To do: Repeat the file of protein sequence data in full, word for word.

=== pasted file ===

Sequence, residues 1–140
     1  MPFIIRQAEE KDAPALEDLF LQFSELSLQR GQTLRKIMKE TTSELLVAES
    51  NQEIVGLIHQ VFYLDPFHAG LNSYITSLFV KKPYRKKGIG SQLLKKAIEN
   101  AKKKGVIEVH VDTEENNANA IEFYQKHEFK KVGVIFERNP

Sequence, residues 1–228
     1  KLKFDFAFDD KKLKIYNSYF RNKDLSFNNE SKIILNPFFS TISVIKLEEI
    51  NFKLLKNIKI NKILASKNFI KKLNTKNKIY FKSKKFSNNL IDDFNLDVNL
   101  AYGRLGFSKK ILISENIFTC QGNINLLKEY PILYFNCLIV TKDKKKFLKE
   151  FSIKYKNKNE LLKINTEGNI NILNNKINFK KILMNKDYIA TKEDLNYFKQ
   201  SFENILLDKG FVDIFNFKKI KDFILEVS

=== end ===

Sequence, residues 1–140
     1  MPFIIRQAEE KDAPALEDLF LQFSELSLQR GQTLRKIMKE TTSELLVAES
    51  NQEIVGLIHQ VFYLDPFHAG LNSYITSLFV KKPYRKKGIG SQLLKKAIEN
   101  AKKKGVIEVH VDTEENNANA IEFYQKHEFK KVGVIFERNP

Sequence, residues 1–228
     1  KLKFDFAFDD KKLKIYNSYF RNKDLSFNNE SKIILNPFFS TISVIKLEEI
    51  NFKLLKNIKI NKILASKNFI KKLNTKNKIY FKSKKFSNNL IDDFNLDVNL
   101  AYGRLGFSKK ILISENIFTC QGNINLLKEY PILYFNCLIV TKDKKKFLKE
   151  FSIKYKNKNE LLKINTEGNI NILNNKINFK KILMNKDYIA TKEDLNYFKQ
   201  SFENILLDKG FVDIFNFKKI KDFILEVS